President Clinton is pressing for the IMF to act decisively to stop a Latin American financial meltdown. Brazil's stock exchange lost 8 percent of its value Thursday, bringing the Asian contagion even closer to home for the U.S. economy. While the Senate has voted to release the funds requested by the President, House Republicans are holding out for further concessions -- both with respect to the IMF and on such extraneous issues as abortion. "There's not much of a sense of history among many of the younger members of the House," says TIME assistant managing editor Dan Goodgame. "The average congressman doesn't necessarily have a sense of how badly things can go wrong here."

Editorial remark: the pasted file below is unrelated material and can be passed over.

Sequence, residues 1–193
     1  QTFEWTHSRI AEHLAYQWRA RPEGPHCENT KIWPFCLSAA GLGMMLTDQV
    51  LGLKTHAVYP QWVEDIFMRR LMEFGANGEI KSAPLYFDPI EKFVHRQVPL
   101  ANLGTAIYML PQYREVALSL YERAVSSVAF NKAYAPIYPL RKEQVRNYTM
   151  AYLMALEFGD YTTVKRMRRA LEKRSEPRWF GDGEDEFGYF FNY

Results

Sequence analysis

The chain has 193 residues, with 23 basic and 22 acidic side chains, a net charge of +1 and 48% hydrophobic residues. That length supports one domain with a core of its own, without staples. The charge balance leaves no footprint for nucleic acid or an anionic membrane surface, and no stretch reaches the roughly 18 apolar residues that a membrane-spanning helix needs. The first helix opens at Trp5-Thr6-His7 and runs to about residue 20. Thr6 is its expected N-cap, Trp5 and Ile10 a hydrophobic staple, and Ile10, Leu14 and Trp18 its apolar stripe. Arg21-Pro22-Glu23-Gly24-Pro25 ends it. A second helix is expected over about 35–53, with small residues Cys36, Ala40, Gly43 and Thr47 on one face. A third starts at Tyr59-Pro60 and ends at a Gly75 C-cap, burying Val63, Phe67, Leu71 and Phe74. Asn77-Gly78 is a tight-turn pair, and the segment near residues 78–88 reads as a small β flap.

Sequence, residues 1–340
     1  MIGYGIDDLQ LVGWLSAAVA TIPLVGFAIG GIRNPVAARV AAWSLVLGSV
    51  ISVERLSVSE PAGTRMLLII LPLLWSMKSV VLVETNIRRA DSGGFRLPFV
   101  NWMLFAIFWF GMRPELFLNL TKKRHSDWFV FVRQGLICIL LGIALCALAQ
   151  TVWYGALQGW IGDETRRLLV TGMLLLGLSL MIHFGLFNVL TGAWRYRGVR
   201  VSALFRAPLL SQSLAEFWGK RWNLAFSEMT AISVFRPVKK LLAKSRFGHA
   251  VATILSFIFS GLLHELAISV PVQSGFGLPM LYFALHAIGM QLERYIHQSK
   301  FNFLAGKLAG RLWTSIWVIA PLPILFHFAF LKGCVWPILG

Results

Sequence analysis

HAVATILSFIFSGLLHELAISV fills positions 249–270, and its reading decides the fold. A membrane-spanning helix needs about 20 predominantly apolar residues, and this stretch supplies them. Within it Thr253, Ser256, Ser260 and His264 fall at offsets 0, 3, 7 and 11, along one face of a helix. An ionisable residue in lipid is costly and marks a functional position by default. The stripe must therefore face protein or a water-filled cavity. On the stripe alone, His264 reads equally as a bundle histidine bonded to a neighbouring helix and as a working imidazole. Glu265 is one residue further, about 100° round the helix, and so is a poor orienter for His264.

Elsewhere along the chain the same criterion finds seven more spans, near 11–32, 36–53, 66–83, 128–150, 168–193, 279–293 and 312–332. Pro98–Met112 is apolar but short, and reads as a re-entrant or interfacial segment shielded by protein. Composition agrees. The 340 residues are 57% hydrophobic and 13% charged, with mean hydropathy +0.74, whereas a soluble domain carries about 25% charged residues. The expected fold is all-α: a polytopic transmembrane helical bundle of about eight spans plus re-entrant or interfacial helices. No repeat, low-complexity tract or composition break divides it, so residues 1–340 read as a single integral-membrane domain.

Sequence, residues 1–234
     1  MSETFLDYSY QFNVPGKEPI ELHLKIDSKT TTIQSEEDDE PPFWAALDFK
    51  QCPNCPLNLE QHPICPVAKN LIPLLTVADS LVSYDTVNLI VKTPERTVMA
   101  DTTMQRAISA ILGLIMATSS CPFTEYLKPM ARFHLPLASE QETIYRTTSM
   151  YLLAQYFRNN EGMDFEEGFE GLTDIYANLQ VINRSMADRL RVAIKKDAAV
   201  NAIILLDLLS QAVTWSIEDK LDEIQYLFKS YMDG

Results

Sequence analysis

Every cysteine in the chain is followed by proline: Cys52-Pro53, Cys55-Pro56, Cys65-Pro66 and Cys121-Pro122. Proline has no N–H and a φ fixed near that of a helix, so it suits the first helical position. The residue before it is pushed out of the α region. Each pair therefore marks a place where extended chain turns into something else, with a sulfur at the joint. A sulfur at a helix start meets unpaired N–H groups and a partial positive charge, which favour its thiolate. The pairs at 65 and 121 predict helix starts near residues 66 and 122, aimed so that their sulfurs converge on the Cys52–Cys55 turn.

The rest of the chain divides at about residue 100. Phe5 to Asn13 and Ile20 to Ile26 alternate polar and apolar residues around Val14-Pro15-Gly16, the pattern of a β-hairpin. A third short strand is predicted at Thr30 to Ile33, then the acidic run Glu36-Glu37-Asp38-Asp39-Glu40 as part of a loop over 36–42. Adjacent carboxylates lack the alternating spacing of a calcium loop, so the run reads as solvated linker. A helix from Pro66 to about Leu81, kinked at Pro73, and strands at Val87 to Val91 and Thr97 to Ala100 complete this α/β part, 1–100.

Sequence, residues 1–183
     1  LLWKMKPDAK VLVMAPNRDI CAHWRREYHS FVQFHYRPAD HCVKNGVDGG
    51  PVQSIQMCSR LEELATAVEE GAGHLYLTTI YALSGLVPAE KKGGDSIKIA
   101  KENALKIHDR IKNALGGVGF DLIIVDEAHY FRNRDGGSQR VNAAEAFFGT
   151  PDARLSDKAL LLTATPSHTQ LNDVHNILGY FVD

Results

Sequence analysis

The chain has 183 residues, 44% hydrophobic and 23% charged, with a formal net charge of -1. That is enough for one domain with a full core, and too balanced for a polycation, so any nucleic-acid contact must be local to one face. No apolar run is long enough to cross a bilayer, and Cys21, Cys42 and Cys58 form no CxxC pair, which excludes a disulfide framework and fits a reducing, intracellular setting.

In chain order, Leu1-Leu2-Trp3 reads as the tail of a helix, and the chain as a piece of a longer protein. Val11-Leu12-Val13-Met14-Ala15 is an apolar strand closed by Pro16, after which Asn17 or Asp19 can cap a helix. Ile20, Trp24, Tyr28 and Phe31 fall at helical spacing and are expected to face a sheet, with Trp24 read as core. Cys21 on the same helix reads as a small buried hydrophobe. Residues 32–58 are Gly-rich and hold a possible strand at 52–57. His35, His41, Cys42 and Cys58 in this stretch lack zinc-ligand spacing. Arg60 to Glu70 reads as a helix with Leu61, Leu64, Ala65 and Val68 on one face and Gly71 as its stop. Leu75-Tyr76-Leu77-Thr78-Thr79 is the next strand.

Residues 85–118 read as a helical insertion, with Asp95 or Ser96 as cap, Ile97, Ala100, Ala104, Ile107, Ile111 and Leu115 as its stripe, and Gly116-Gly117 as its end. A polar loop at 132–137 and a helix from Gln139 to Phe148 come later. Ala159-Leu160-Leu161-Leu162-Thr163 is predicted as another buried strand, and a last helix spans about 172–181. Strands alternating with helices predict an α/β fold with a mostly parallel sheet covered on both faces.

By opting for brinkmanship over statesmanship on the issue of funding the IMF, House Republicans may be playing chicken with Latin America's teetering markets. House Appropriations Committee chairman Sonny Callahan -- who was in the news most recently because his name appears in Starr's footnotes -- indicated Thursday that the GOP would continue to block President Clinton's request for $18 billion to replenish the IMF's depleted reserves. They plan to offer only $3.4 billion, although Callahan dangled the possibility of releasing the full amount "at a later time."